Academic journal article Social Behavior and Personality: an international journal

Creating Mandalas Reduces Social Anxiety in College Students

Academic journal article Social Behavior and Personality: an international journal

Creating Mandalas Reduces Social Anxiety in College Students

Article excerpt

Social anxiety is characterized by an intense, enduring anxiety or fear of social situations in which individuals could potentially be rejected or judged negatively, and it can have a serious negative impact on daily life and well-being (Orme-Johnson, & Barnes, 2014). Social anxiety is evident from behavioral patterns and can also be measured using physiological signals, such as electrodermal activity (EDA), which is an indicator of activity in the autonomic nervous system. When an individual is nervous and anxious, their sweat glands secrete more, which increases EDA, and when a person is calm and peaceful, EDA decreases (Blechert & Wilhelm, 2014; Kreibig, 2010). Many researchers have shown that EDA is significantly higher among people with (vs. without) social anxiety (Asbrand, Blechert, Nitschke, Tuschen-Caffier, & Schmitz, 2017; Deiters, Stevens, Hermann, & Gerlach, 2013; Panayiotou, Karekla, Georgiou, Constantinou, & Paraskeva-Siamata, 2017).

Mandala drawing has been increasingly favored by art therapists (Ashlock, Miller-Perrin, & KrumreiMancuso, 2017; Babouchkina & Robbins, 2015; Drake, Searight, & Olson-Pupek, 2014; Muthard & Gilbertson, 2016; Schrade, Tronsky, & Kaiser, 2011). Mandala is a Sanskrit word and concept that refers to a sacred circle or axial center, of which there are two types: predrawn (structural) and created (nonstructural). In art therapy, a predefined template of a structural mandala is colored in, whereas creating a mandala involves free drawing of a mandala within a circle. Creating mandalas can provide a connection between the conscious and unconscious (Palmer, Dowrick, & Gunn, 2014). Drawing activities depend on the interaction between multiple brain systems (Schnetz, 2003), and have also been found to aid in identity formation and self-awareness after experiencing trauma (Gantt & Tripp, 2016; Van der Kolk, 2014; Walker, Kaimal, Gonzaga, Myers-Coffman, & DeGraba, 2017).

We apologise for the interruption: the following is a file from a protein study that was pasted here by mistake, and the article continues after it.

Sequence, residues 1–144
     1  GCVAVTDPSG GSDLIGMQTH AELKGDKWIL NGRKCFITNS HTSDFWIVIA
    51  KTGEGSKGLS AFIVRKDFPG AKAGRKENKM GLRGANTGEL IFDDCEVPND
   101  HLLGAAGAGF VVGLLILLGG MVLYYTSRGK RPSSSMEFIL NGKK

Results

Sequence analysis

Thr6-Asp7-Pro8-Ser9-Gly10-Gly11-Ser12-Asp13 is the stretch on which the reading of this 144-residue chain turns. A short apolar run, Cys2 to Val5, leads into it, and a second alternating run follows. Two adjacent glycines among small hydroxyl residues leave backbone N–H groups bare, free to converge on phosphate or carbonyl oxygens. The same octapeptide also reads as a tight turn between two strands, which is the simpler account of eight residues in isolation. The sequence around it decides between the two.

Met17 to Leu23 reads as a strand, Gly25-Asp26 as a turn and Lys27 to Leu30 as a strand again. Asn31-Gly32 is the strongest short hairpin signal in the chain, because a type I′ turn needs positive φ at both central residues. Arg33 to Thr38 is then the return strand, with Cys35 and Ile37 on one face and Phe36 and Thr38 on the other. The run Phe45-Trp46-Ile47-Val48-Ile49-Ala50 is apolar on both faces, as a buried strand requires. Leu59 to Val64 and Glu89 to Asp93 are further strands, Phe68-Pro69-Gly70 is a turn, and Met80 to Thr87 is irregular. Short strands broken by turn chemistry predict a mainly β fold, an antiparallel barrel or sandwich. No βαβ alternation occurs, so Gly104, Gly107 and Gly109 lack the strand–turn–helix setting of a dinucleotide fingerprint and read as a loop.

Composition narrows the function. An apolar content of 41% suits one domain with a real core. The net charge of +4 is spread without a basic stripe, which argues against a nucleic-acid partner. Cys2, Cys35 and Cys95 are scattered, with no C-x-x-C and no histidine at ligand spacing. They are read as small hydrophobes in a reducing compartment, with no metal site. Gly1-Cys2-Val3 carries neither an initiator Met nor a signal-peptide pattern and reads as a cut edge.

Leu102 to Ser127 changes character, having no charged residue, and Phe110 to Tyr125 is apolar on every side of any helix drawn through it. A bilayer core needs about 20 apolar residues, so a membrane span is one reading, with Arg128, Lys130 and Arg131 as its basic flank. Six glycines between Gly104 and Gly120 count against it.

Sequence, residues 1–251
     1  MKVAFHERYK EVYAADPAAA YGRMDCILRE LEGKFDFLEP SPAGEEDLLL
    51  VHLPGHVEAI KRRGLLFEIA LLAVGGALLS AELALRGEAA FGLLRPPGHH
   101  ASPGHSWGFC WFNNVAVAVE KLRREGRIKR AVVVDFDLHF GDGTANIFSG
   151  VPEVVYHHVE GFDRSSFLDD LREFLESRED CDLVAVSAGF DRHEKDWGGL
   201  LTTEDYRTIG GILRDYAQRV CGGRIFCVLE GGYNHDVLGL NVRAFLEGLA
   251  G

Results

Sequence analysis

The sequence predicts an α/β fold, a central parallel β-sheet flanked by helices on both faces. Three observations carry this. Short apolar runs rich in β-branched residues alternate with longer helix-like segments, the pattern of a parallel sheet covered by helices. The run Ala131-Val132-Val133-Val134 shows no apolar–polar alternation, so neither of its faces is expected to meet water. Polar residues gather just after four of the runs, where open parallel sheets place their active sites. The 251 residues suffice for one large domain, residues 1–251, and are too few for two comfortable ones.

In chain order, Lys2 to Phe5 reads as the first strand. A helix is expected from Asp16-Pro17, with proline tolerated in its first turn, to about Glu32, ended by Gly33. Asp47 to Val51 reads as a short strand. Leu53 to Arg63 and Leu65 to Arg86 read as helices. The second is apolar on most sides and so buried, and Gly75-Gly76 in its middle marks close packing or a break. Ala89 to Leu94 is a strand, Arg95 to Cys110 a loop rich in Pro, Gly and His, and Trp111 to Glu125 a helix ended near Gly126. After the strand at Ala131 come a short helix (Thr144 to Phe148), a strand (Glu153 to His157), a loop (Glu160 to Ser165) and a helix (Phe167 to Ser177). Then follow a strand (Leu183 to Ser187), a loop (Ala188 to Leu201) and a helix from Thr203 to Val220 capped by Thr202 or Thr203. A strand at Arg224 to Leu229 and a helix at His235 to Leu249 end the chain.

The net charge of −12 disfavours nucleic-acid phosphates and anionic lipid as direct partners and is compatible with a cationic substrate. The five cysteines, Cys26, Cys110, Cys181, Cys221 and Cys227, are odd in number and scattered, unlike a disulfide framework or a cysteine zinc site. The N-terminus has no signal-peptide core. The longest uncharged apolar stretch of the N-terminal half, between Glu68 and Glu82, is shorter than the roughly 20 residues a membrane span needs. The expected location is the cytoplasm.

Although many scholars have shown that mandala drawing can reduce anxiety, their results have been inconsistent. Some have shown that coloring in a predrawn mandala is more effective than free drawing in reducing anxiety (Ashlock, Miller-Perrin, & Krumrei-Mancuso, 2017; Muthard & Gilbertson, 2016; Van der Vennet & Serice, 2012), whereas others have reported no difference between the two activities (Drake, Searight, & Olson-Pupek, 2014; Duong, Stargell, & Mauk, 2018; Flett et al., 2017). Furthermore, in most of the above studies the researchers explored the effectiveness of predrawn (structural) mandalas in reducing anxiety. By contrast, few scholars have investigated the effectiveness of creating nonstructural mandalas in this context (Babouchkina & Robbins, 2015; Potash et al., 2013; Schrade, Tronsky, & Kaiser, 2011). However, Jung (1972), who used the mandala as a tool for psychoanalysis and treatment, believed that free creation of mandalas is the active element that produces psychological changes; therefore, creating nonstructural mandalas is more in line with the organization of the individual mind. However, Jung's ideas are largely clinical and have not been supported by sufficient experimental evidence.

To address this issue, we explored the effectiveness of creating nonstructural mandalas in reducing social anxiety by conducting two experiments. In Experiment 1 we compared social anxiety changes, as measured using the Interaction Anxiety Scale (IAS; Leary, 1983), between creating a mandala and free drawing. To further explore the specific effect of the circular form of the mandala, in Experiment 2 we compared social anxiety changes between creating a mandala and drawing within a square, as assessed using the IAS and EDA. We proposed the following hypotheses:

Hypothesis 1: Creating a mandala will result in a more significant reduction in social anxiety than will free drawing.

Hypothesis 2: Creating a mandala will result in a more significant reduction in electrodermal activity and social anxiety than will drawing within a square. …

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